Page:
Birthday Series: Day 2- Oluwapelumi Seriki.

“Sometimes, growing up means growing apart.

I have heard it said that a young child is like an uncultivated land, whatever seed is sown in it, is what it bears. In our formative years, we are basically trying to understand life and chart a course for ourselves. We may form relationships at this stage but we know little or next to nothing about life, to determine whether they will be lifelong friends or not. There’s a certain age a person attains when he can be said to have imbibed certain values, culture and belief system that will guide him through life subject to some changes here and there. It is this belief system or values that will subconsciously guide his decisions going forward, including his choice of friends. This may cause his circle of friends to change. As the Yoruba saying goes ‘twenty children cannot play together for twenty years’, because life will happen and distance may separate them.

For example, there was this girl who was my bestie in primary school, I think primary three (3) or thereabout, but later left for another school. I tried tracking her down but was not successful until I was in SS1. She was in JSS3 in a school close to mine. On this fateful day, I saw her come out of school with her friends and went to introduce myself to her but she could barely recognise me. I was so disappointed. I still wanted the friendship but she had since moved on.

However, I must add that there are some relationships that are so close to our hearts that we will never let go of despite time and distance. Growth is inevitable, it’s not something we decide or choose to do, it just happens. Just like we don’t decide to be born or not, we also do not have the power to decide whether or not to grow. However, it’s in our power to decide whether we want to grow apart from certain relationships. It doesn’t just happen, we make it happen, whether consciously or not.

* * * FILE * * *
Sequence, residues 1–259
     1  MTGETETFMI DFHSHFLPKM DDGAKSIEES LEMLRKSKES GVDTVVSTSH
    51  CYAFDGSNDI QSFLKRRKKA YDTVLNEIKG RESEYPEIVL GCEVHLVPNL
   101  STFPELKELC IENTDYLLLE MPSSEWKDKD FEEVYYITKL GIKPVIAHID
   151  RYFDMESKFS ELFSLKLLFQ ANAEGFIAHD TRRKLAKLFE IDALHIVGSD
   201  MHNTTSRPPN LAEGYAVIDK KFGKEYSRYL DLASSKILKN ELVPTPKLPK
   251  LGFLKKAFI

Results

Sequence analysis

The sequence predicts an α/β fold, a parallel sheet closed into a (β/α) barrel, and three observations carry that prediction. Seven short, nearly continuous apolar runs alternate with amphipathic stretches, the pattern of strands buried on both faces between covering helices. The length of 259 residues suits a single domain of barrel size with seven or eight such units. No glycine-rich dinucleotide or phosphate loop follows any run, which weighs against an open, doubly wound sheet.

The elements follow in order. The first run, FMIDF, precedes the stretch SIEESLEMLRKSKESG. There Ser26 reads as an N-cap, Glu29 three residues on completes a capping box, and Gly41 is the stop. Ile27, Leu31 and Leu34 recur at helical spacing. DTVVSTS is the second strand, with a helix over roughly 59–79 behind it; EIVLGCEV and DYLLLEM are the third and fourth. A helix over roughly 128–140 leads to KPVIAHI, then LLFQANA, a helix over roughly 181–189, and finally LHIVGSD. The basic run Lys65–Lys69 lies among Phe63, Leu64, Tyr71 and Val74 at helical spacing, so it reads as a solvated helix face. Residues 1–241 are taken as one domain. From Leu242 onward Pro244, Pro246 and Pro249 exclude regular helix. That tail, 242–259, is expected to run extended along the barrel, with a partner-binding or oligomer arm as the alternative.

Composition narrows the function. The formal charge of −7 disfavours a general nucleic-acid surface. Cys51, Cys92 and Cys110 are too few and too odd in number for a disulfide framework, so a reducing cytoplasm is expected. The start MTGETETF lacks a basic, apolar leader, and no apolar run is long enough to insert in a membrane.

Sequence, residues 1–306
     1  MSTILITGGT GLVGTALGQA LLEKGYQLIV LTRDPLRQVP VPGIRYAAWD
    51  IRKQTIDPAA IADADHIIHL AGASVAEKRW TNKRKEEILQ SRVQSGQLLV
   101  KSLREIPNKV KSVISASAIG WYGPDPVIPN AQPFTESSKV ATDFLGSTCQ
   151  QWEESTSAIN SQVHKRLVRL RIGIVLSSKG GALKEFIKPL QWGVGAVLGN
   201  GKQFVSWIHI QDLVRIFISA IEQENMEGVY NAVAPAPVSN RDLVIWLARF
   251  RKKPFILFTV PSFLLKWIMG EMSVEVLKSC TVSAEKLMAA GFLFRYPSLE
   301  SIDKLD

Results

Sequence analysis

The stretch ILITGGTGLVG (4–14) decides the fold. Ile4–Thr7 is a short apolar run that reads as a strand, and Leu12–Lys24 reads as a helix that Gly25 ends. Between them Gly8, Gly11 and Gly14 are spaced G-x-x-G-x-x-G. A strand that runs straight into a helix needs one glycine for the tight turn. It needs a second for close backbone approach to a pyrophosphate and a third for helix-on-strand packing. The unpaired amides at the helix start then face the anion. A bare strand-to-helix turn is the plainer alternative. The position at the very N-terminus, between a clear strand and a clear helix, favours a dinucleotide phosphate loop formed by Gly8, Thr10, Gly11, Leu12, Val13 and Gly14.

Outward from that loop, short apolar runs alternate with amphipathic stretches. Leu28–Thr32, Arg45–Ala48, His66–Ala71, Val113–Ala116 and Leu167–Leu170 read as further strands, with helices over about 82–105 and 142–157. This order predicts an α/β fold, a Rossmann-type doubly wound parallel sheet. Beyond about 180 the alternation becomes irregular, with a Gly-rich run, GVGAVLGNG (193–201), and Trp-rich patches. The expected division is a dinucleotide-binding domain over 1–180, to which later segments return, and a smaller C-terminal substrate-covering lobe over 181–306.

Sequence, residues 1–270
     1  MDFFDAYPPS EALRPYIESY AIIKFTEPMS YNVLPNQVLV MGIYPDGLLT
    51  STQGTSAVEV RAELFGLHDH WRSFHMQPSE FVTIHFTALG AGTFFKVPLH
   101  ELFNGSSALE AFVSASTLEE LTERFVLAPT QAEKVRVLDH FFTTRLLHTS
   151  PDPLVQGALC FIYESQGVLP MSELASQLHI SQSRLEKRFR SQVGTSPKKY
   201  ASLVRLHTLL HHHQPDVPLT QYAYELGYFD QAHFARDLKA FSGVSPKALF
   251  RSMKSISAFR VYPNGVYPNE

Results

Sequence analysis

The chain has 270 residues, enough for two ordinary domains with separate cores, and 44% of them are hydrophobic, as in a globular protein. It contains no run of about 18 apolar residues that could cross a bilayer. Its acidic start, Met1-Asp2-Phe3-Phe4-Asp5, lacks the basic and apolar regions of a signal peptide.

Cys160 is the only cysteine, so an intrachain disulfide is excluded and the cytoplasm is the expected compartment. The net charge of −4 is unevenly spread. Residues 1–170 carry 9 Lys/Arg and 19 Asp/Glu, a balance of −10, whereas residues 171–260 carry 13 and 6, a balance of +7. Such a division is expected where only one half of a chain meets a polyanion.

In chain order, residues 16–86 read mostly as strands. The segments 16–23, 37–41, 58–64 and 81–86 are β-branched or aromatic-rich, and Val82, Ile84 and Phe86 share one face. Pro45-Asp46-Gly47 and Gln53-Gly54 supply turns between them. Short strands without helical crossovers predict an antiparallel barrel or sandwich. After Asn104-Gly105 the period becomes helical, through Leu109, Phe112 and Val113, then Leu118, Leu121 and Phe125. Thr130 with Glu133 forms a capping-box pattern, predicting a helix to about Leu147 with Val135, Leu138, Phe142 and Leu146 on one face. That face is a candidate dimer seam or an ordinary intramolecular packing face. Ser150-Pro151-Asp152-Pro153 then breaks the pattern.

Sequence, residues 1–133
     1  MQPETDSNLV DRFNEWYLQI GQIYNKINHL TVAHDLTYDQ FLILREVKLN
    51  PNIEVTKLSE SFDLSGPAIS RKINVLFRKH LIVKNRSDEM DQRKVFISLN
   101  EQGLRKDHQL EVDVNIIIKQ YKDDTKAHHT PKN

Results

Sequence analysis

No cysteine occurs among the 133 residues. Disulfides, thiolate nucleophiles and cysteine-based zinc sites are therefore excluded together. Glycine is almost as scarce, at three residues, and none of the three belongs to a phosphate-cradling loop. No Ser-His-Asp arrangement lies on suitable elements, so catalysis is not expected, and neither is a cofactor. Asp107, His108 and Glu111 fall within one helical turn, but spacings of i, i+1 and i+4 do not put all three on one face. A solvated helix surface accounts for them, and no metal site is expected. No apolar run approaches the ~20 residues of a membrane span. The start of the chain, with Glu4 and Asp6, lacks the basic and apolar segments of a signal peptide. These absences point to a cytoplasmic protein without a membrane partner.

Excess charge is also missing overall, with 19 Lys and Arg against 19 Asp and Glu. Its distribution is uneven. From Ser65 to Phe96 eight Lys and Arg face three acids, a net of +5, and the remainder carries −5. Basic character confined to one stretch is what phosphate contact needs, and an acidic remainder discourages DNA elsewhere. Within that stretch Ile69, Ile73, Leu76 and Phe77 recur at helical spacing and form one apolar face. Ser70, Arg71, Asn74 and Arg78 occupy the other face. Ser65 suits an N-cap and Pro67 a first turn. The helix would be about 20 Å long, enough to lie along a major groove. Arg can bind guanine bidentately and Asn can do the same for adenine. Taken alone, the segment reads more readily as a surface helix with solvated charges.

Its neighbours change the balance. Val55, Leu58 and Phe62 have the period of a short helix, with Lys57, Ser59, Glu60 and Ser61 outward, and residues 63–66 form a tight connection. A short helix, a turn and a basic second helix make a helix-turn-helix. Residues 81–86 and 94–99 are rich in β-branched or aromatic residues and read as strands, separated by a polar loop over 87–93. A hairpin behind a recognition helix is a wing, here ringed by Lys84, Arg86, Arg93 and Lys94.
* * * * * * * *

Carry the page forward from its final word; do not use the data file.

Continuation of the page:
If you’re not in touch with some of your friends from secondary school / university, it’s because you deliberately, over time, let the friendship slip but there are some you are still in touch with because you probably can’t imagine your life without them or put another way, you enjoy having them in your life. Because somehow you want them there when you’re 50, 60, 80 and 100.

At the end of the day, as adults, the decision to grow apart is one that one, or more, of the parties involved in the relationship decides to make, for some reason or the other.



Author’s name: Oluwapelumi Seriki

Blog Address:

Author’s Bio: Oluwapelumi Seriki is a young woman with zest for life. A legal practitioner, writer, lover of books, tasty cakes and ice cream.


© The Short Black Girl, 2017.


One thought on “Birthday Series: Day 2- Oluwapelumi Seriki.

  1. Beautiful article….I do not agree however that we deliberately allow some friendships to fizzle out prior to the internet and social media. Before the advent of social media it was difficult to keep tabs on friends as we outgrow places and move on.

    Liked by 1 person

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